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Measured Survey

Date 12 May 2014 - 15 May 2014

Event ID 996505

Category Recording

Type Measured Survey


The fort on the summit of Moredun Top, Moncreiffe Hill, sometimes also referred to as Carnac, was surveyed by RCAHMS in May 2014. This note serves as a summary of the full site description which is available as a PDF (RCAHMS WP 003618). The drawn survey is available online as both the original drawing (SC 1425572) and as a final illustration (DP 203195 or WP 003616).

On the basis of field survey, the site comprises the following elements:

(A) A large mound, possibly a cairn, which stands within the E side of the interior and appears to comprise a grass-grown mass of loose stone measuring about 30m from E to W by 23m transversely and at least 1.5m in height.

(B) An oval enclosure measuring about 197m from ENE to WSW by 100m transversely (c1.5ha) within the remains of a thick stone wall.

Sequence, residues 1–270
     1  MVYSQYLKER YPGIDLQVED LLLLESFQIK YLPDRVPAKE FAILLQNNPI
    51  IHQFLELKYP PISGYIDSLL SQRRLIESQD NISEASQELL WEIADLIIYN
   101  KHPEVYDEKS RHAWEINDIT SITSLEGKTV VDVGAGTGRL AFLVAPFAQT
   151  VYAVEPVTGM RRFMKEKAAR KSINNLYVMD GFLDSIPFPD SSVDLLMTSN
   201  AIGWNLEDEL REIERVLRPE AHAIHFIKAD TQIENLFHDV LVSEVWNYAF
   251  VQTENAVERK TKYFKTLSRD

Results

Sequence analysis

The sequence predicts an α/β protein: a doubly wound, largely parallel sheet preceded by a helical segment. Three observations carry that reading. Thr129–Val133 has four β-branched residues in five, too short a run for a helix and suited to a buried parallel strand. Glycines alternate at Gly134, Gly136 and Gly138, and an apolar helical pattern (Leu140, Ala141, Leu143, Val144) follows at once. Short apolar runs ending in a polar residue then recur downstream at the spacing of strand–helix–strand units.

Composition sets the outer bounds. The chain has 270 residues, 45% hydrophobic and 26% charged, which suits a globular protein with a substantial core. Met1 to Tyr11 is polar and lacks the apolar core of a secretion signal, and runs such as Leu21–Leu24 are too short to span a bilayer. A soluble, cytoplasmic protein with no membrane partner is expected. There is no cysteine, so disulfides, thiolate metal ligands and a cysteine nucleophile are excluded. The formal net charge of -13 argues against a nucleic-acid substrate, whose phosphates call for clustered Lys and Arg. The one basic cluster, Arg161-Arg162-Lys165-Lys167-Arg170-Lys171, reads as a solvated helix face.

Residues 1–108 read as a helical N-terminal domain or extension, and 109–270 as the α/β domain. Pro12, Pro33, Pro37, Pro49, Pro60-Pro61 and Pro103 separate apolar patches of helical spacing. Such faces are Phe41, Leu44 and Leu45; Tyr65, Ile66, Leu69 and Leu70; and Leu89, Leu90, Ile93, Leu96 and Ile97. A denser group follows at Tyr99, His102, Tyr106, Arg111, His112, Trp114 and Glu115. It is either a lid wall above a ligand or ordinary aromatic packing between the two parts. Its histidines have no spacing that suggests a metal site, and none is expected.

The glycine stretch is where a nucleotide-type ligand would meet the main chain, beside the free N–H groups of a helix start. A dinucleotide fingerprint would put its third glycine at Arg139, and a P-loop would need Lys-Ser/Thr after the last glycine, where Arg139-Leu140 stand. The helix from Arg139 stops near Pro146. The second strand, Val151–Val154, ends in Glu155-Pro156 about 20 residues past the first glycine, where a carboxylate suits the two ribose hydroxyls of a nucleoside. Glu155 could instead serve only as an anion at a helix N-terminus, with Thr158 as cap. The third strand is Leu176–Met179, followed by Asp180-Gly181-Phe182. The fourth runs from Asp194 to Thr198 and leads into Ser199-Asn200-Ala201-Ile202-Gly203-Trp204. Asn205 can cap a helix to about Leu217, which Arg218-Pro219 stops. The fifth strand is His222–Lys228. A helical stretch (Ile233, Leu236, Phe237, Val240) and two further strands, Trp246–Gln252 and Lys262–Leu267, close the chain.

(C) A second phase of fortification is represented by a sub-oval enclosure measuring about 170m from E to W by 103m transversely (1.15ha) within the remains of a thick stone wall

(D) Possibly in use contemporarily with the second phase enclosure is the large enclosure which appears to have been attached to its N side. This enclosure, which is roughly D-shaped on plan - the chord of the D formed by the wall of the second phase enclosure, measures 110m from E to W by 76m transversely, again within the remains of a thick wall.

(E) The third phase of enclosure is a comparatively small but very thick-walled fort that crowns the highest part of the hill. Oval on plan, it measures about 53m from NW to SE by 38m transversely within a wall reduced to a stony bank up to 13m in thickness but no more than 1m in internal height.

(F) A phase of unenclosed settlement on the summit is represented by four hut-circles – three lying within the small summit fort and one immediately to the north.

In addition to these principal components, there is extensive evidence of quarrying – in the form of excavations into the solid bedrock and as shallower pits which have seen the removal of what is effectively loose rubble from archaeological features. Moreover, there is sufficient evidence in the form of trenching to demonstrate antiquarian investigation of the fort.

Visited by RCAHMS (GFG, JRS, IP), 12-15 May 2014.

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